PHOENIX -- The Brewers won't begin logging radar gun readings until next week, but general manager Doug Melvin's eyes tell him right-hander Taylor Jungmann's fastball has better life this spring. Jungmann believes he knows why.
"After college, I didn't have a real offseason until this year," said Jungmann, 25, who is positioned as top backup to the Brewers' five-man starting rotation. "This was the first offseason where I've really gotten conditioning the same as I had in college. If there is a velo jump, I think it would be the result of my offseason work with my strength coach."
That coach is Austin, Texas-based Lance Hooten, a former University of Texas strength coach who is well-known in Major League circles. Angels closer Huston Street, Reds starter Homer Bailey and Cardinals slugger Matt Holliday are among the players who have gone to Hooten for offseason workouts.
"What he works on, especially for the younger players, is general athletic ability," Jungmann said. "A lot of jumping, a lot of agility stuff. We're on the track for an hour and a half every day before we even get in the weight room.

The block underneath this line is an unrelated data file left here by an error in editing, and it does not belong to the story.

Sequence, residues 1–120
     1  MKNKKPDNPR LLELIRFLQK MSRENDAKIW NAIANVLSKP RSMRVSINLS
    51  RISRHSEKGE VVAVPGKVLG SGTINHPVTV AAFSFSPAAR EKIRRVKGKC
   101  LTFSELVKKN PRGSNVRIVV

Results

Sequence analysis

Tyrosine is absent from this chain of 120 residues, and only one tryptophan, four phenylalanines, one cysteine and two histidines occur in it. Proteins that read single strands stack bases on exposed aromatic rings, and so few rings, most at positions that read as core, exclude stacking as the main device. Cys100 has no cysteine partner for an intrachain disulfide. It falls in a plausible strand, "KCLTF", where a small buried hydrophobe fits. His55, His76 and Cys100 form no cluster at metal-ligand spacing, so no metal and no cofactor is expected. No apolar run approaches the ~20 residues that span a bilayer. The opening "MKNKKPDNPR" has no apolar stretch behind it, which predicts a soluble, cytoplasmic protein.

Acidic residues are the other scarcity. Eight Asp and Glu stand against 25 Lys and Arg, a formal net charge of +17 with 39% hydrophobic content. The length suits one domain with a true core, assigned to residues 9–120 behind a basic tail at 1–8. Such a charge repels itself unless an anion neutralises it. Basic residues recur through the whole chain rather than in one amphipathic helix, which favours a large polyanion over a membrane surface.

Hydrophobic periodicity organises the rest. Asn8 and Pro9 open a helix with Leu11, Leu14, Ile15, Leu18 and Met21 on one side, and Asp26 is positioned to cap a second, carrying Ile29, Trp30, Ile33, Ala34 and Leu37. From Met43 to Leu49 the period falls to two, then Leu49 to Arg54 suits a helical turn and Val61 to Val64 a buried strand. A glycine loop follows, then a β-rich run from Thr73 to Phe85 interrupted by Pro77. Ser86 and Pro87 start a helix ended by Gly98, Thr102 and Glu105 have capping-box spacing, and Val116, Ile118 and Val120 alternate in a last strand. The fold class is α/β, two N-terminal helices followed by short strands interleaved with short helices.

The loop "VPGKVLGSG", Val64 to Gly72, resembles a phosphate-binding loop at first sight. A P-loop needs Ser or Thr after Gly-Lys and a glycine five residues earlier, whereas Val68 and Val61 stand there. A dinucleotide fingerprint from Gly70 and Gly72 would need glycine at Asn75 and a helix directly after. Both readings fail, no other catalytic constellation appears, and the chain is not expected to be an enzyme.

The result, Jungmann said, is he feels more like the pitcher the Brewers drafted 12th overall in 2011 out of Texas, where Jungmann regularly touched 97 mph and won the Dick Howser Trophy as the top collegiate player in the country.
In a pair of two-inning outings this spring, Jungmann has allowed two hits and two walks, with four strikeouts.
"I threw harder in college than I did my first years in pro ball, and I think that was the result of trying to do my workouts in a shorter period of time," he said. "This time, I had a whole offseason, so I think that really helps.
"I feel like I'm getting back to where I was in college in terms of confidence in my mechanics. Every day, it's small things you have to work on to be consistent."
Adam McCalvy is a reporter for MLB.com. Read his blog, Brew Beat, and follow him on Twitter at @AdamMcCalvy. This story was not subject to the approval of Major League Baseball or its clubs.